Holiday times such as Easter, Christmas, bank holidays and mid-August have always been difficult times for me. They are reminders that I have no family and am alone in the world. They are full of painful memories too. I see the messages on Facebook. I receive the cards. They all say “Happy ...” I really appreciate the thought behind the sending of the card and the person who sent it to me.
But for me the “Happy ...” sentiments ring hollow and I find it all rather hard to enter into. Decorations in the shops, adverts on the TV, hearing the plans of friends all add to my feelings of unease and isolation. They are culturally special occasions when family members gather for fun times together.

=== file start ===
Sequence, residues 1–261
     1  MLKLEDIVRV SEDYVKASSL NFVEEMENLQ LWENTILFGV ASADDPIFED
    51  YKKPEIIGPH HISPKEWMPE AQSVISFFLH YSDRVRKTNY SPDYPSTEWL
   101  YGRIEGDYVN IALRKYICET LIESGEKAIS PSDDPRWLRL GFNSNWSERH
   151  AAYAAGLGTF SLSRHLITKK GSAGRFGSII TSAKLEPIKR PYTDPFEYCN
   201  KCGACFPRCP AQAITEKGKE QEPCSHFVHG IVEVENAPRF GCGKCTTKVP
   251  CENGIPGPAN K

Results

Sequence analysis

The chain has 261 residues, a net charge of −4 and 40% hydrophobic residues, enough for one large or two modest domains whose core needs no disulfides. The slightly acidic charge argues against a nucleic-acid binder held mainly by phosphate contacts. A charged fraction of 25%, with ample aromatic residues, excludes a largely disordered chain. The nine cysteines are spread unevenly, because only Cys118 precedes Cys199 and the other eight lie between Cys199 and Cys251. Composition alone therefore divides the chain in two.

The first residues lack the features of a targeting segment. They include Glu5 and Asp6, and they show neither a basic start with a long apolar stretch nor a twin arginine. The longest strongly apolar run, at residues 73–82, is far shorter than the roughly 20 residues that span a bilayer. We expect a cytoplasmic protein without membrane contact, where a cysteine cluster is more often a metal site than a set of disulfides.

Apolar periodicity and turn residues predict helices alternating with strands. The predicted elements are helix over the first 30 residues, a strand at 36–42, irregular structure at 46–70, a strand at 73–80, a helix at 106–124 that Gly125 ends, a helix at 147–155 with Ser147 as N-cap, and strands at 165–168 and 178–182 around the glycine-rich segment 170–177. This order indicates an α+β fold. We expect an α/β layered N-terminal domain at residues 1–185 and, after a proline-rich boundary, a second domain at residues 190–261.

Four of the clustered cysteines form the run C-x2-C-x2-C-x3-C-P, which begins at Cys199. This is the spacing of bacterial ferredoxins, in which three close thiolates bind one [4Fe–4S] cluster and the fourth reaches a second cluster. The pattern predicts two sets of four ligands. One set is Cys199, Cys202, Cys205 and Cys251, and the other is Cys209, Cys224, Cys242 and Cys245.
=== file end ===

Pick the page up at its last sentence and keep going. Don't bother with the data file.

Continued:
In my family at holiday times we were forced to wear a false fixed smile. We were forced to pretend we were a happy family doing normal family things together. There would be special trips out planned. Sounds like fun doesn’t it? It wasn’t! Certain clothes would be chosen for me to wear. I had no choice over what I wore. They were usually ill-fitting unflattering clothes which did not suit me. I had to present the image that was chosen for me. That image included the mandatory “look happy even if actually you’re desperately unhappy and want to die”, which I often did feel like.
I have memories of trips out which give me the appearance in my memory of doing normal family things. Such memories cause enormous confusion for me. On one hand we appeared to do normal family things but the reality was very different.